Discover the artists behind the books
My favourite thing in the studio
– Home and studio — together or apart?
We live in an old farm house. Thirty years ago we built a studio for my wife and me about 100 meters from the back door of our house. Then a new studio for my wife in about 2010, while I kept the old one. Then, eight years later I built another studio for myself. For me, having my studio in the back yard is perfect.
– Do you have any daily rituals?
For the past year or so I steam apples and dried apricots every morning and eat them with cinnamon. I make coffee, always, and breakfast for the dogs. I meditate and do breathing and back exercises just about every day. As I’ve gotten older these things matter more, and I enjoy them—I didn’t when I was young.
– What is the first art book you remember?
What comes to mind is a “picture poem” book by Kenneth Patchen that I encountered when I was in high school. We lived in the same town and I hoped I’d meet him, but I never did. I looked at the books of Medieval art my father had around the house when I was growing up, but I don’t remember any in particular. Some of Patchen’s images resemble Medieval creatures.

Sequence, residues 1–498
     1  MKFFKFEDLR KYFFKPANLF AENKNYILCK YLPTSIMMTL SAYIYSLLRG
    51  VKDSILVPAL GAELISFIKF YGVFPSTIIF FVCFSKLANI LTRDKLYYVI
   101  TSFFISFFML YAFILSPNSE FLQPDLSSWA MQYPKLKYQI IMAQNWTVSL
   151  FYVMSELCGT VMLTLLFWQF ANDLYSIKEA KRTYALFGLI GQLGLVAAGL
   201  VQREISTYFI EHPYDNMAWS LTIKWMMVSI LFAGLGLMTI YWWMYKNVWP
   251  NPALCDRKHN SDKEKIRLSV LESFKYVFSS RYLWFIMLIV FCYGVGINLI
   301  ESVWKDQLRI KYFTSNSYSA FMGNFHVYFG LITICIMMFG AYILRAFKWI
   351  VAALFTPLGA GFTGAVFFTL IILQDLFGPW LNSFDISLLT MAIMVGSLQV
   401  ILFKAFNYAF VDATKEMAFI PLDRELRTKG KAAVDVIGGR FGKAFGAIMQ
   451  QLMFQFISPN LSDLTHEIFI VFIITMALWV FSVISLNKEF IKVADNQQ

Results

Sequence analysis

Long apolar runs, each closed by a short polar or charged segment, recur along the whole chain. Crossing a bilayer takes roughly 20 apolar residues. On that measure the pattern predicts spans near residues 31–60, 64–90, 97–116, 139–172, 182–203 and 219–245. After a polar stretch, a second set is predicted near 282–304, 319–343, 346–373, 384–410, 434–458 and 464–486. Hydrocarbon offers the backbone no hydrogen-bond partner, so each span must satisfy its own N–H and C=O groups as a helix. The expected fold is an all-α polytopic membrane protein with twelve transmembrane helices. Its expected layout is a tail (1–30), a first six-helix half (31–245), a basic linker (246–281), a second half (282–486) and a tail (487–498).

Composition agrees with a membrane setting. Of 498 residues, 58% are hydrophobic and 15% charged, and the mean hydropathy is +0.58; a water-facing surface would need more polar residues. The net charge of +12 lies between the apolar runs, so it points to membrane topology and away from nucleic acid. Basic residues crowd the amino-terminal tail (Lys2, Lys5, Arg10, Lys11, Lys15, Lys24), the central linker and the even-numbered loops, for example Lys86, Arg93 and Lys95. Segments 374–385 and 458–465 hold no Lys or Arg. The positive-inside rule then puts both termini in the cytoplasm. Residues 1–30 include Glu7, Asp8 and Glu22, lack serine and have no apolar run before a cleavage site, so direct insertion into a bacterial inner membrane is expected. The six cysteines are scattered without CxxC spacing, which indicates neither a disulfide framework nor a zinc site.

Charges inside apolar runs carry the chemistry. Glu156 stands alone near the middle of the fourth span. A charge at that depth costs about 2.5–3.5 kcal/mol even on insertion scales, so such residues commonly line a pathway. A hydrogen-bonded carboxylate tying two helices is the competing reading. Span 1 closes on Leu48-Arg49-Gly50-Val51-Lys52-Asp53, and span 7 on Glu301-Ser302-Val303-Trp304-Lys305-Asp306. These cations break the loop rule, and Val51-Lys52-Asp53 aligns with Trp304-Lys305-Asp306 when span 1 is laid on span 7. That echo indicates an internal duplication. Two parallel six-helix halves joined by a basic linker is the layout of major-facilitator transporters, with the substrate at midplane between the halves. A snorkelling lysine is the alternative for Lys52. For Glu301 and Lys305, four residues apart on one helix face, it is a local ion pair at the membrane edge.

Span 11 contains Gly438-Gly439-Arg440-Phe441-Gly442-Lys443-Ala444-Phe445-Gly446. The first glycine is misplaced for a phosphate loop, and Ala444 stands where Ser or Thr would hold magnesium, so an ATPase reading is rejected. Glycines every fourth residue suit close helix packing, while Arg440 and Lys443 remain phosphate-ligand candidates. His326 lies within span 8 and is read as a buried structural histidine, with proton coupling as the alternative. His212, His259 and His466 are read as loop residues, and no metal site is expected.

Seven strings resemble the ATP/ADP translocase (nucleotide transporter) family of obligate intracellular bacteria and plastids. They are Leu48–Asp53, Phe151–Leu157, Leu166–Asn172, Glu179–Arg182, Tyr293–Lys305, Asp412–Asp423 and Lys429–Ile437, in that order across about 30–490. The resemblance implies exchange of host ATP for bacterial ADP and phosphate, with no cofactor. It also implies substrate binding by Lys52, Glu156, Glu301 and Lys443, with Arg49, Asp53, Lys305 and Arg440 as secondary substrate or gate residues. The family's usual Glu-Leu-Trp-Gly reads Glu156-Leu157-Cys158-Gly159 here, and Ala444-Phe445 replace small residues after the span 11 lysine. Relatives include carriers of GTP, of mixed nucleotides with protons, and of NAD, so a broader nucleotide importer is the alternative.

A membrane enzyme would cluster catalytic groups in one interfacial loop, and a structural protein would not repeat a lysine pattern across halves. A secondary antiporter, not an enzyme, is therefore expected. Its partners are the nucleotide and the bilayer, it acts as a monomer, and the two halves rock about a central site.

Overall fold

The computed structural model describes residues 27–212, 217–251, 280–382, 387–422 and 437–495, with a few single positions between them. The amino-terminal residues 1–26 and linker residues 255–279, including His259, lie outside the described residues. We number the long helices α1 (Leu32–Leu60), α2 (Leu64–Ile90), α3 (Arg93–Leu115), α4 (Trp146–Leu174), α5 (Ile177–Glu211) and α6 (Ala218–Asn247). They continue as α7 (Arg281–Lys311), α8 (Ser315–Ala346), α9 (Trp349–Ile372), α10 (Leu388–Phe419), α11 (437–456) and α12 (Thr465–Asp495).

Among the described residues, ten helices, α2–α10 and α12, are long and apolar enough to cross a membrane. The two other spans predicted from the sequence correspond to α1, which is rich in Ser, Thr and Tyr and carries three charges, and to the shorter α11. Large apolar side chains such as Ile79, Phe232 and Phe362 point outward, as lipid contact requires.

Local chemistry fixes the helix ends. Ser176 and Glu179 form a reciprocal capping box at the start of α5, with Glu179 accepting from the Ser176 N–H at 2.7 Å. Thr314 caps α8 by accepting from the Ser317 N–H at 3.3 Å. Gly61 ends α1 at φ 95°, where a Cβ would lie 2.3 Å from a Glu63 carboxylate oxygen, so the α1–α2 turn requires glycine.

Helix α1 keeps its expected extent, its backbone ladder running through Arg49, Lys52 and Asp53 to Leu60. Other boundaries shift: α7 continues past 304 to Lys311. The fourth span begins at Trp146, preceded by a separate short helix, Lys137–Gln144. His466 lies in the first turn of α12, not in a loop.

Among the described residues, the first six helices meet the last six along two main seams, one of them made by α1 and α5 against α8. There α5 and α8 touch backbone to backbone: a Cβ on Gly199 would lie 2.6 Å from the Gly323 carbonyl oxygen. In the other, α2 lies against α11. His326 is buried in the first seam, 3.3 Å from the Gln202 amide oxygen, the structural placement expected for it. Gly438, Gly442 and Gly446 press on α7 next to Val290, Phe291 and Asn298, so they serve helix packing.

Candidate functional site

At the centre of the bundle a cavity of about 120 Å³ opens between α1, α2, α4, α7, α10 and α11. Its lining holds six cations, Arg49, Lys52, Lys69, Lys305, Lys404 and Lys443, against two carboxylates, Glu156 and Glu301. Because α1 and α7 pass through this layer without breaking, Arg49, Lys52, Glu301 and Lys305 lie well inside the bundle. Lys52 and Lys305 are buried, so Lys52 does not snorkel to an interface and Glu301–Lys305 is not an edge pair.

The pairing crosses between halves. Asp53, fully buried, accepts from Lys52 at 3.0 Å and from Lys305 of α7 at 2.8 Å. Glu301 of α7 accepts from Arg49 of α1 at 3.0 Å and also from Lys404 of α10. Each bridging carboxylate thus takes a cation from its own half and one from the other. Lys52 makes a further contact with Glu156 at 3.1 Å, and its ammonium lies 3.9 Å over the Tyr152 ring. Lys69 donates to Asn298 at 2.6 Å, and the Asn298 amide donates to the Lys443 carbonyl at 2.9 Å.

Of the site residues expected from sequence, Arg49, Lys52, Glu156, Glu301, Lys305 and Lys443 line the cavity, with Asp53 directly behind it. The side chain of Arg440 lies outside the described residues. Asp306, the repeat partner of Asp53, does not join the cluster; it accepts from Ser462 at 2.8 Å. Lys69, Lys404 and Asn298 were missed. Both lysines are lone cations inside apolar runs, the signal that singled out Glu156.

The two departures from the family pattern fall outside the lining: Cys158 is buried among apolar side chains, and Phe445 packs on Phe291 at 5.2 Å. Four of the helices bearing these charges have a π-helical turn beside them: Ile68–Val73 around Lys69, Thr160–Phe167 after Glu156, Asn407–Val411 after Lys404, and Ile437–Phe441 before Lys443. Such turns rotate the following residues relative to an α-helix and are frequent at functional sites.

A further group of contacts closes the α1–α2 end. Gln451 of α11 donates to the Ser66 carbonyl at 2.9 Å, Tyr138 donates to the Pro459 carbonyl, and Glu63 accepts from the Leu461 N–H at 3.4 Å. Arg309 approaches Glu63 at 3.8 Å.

– What is your studio/creative soundtrack?
What I listen to changes radically from day to day. Some of my favorite tracks lately are early Duke Ellington, KD Lang, and Hildegard of Bingen.
– What is the favourite thing you have in your studio?
Either of my dogs when they visit, but they’d rather be outside most of the time. I love my old Norwegian wood stove. It looks a bit like a dog.
– Did you always want to be an artist?
When I was very young, I loved studying insects. Jean-Henri Fabre inspired me. So I wanted to be an entomologist when I grew up–I loved saying that word when adults asked me “What do you want to be when you grow up?” Later, from the age of 15 or so I knew it would be either art or medicine. I didn’t really grasp the idea of being an artist though until I became friends with Stefan Novak, a sculptor and father of a friend. I helped Stefan in the studio and from then on started art studies and gave up my science courses.
– What does a free day look like?
Just about every day feels free–at this point in my life I can do what I choose. And almost every day that means being in the studio. What I like to do is take off a few days at a time now and then and go on a trip. Athens most recently, with one of my sons.